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Images: Parris Island recruits learn Marine Corps martial arts to fight with honor [Image 4 of 6]

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Parris Island recruits learn Marine Corps martial arts to fight with honor

Rct. Alexis Cantu practices a headlock technique on Rct. Andrea Goldberg, both with Platoon 4011, Oscar Company, 4th Recruit Training Battalion, during martial arts training Jan. 30, 2014, on Parris Island, S.C. The Marine Corps Martial Arts Program combines hand-to-hand combat with mental discipline and character development to help transform recruits into ethical warriors. Cantu, a 19-year-old San Antonio native, and Goldberg a 19-year-old native of Lakeville, Minn., are scheduled to graduate April 4, 2014. Parris Island has been the site of Marine Corps recruit training since Nov. 1, 1915. Today, approximately 20,000 recruits come to Parris Island annually for the chance to become United States Marines by enduring 13 weeks of rigorous, transformative training. Parris Island is home to entry-level enlisted training for 50 percent of males and 100 percent of females in the Marine Corps. (Photo by Lance Cpl. Vaniah Temple)



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Public Domain Mark
This work, Parris Island recruits learn Marine Corps martial arts to fight with honor [Image 4 of 6], by LCpl Vaniah Temple, identified by DVIDS, is free of known copyright restrictions under U.S. copyright law.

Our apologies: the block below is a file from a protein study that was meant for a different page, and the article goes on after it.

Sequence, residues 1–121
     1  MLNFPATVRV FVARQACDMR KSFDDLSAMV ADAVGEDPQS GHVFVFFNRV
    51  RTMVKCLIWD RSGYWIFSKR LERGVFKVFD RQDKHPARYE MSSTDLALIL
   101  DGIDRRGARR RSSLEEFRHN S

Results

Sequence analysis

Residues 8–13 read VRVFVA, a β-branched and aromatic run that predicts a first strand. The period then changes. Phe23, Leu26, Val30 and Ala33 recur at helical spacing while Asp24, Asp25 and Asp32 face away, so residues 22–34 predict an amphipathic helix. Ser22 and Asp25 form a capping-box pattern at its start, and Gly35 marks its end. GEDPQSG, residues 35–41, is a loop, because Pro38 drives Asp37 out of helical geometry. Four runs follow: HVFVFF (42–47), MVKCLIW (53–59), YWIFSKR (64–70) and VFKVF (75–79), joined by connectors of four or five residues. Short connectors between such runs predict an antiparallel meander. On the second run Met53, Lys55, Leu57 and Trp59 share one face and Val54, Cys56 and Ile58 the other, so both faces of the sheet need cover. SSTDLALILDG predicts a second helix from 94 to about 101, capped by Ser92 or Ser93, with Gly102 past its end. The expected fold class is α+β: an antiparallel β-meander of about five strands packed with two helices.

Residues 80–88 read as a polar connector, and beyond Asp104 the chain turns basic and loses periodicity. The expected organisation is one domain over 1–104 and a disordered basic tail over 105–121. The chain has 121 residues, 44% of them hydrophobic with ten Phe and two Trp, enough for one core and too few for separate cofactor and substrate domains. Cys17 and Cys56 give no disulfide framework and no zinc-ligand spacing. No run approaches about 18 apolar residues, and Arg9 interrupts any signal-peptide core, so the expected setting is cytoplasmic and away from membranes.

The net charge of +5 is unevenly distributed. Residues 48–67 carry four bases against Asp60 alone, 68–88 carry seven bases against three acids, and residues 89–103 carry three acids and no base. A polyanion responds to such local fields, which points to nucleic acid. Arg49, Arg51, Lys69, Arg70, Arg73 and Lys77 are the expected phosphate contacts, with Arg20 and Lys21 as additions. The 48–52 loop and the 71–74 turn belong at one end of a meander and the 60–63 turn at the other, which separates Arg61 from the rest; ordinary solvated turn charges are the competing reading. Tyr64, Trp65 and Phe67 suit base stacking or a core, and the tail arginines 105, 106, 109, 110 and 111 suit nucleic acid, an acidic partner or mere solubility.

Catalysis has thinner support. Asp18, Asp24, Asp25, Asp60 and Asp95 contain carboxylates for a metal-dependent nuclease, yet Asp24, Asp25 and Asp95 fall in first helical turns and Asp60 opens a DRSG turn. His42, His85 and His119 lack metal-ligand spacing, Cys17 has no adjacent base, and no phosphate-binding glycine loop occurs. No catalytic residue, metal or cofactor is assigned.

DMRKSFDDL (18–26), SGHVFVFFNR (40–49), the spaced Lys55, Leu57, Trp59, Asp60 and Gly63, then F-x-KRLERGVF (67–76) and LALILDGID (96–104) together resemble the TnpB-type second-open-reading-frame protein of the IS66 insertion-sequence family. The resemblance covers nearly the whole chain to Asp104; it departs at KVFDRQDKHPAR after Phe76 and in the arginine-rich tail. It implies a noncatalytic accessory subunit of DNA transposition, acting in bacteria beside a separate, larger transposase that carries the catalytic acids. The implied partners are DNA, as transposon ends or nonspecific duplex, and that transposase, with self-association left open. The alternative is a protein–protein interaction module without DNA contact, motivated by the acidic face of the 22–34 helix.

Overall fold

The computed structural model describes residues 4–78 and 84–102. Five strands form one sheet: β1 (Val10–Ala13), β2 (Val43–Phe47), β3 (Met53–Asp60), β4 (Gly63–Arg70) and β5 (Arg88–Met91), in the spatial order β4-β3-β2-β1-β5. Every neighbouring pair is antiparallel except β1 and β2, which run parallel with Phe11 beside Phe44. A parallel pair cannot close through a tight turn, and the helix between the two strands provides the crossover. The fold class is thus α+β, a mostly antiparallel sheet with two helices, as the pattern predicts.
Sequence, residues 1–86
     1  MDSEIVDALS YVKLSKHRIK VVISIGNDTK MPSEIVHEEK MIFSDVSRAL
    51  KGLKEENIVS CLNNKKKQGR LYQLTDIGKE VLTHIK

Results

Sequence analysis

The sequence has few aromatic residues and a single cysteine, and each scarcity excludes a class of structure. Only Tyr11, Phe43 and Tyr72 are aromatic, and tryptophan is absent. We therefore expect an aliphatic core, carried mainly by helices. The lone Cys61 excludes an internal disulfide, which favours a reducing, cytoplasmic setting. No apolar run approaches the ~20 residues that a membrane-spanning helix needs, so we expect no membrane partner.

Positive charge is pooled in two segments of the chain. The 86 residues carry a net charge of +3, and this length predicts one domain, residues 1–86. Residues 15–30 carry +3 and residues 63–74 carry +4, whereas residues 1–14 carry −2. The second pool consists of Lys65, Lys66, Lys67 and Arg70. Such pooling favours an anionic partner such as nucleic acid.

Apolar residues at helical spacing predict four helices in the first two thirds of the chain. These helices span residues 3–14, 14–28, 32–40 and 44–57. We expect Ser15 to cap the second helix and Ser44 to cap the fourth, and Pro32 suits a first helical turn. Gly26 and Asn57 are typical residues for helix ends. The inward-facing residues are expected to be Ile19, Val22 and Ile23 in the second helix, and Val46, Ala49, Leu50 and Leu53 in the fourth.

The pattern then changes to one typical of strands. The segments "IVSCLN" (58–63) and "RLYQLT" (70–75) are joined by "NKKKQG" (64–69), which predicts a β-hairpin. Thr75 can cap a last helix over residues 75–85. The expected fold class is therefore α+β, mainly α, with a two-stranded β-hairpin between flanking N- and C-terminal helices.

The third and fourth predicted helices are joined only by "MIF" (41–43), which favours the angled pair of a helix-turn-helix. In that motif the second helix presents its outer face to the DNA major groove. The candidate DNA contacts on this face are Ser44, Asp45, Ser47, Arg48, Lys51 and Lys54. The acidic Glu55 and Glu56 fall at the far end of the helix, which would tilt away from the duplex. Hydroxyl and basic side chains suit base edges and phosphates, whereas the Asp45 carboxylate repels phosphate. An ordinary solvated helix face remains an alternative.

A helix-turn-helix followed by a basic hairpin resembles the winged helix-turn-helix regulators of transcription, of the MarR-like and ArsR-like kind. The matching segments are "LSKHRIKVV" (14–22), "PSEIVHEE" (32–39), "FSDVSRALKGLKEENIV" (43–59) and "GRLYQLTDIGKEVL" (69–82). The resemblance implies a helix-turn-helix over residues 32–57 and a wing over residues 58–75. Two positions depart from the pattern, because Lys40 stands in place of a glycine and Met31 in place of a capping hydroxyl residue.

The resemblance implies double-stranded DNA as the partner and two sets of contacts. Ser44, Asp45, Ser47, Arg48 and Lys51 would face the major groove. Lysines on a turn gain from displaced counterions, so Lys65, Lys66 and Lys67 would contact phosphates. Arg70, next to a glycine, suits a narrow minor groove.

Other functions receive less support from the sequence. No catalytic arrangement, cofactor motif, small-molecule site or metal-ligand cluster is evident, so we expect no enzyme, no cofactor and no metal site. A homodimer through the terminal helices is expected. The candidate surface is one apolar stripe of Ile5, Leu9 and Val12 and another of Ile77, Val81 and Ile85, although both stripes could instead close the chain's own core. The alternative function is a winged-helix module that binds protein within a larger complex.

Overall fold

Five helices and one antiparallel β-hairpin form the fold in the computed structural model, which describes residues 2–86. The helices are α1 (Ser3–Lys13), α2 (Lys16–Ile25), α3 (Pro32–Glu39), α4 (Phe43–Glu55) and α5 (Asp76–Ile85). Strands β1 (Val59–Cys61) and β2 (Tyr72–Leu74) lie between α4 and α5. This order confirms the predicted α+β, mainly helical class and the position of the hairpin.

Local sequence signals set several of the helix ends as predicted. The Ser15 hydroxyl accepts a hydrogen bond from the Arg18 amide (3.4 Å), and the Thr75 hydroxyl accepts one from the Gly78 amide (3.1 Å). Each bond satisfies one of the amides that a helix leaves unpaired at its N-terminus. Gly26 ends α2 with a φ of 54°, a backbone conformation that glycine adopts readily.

Date Taken:01.30.2014

Date Posted:02.12.2014 13:53

Photo ID:1166221

VIRIN:140130-M-LQ078-041

Resolution:3840x5760

Size:12.72 MB

Location:PARRIS ISLAND, SC, USGlobe

Hometown:LAKEVILLE, MN, US

Hometown:SAN ANTONIO, TX, US

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  • Rct. Benjamin Murphy breaks free from a martial arts technique by Rct. Mason Finney during an endurance course Dec. 12, 2013, on Parris Island, S.C. The course consists of different stations at which recruits such as Murphy and Finney, both with Platoon 1002, Alpha Company, 1st Recruit Training Battalion, practice martial arts techniques they learned earlier in training to increase their proficiency, strength and endurance. The course is part of the Marine Corps Martial Arts Program, which combines hand-to-hand combat skills with mental discipline and character development to help transform recruits into honorable warriors. Murphy, a 19-year-old native of Mahopac, N.Y., and Finney, a 19-year-old native of Mobile, Ala., are scheduled to graduate Jan. 24, 2014. Parris Island has been the site of Marine Corps recruit training since Nov. 1, 1915. Today, approximately 20,000 recruits come to Parris Island annually for the chance to become United States Marines by enduring 13 weeks of rigorous, transformative training. Parris Island is home to entry-level enlisted training for 50 percent of males and 100 percent of females in the Marine Corps. (Photo by Lance Cpl. MaryAnn Hill)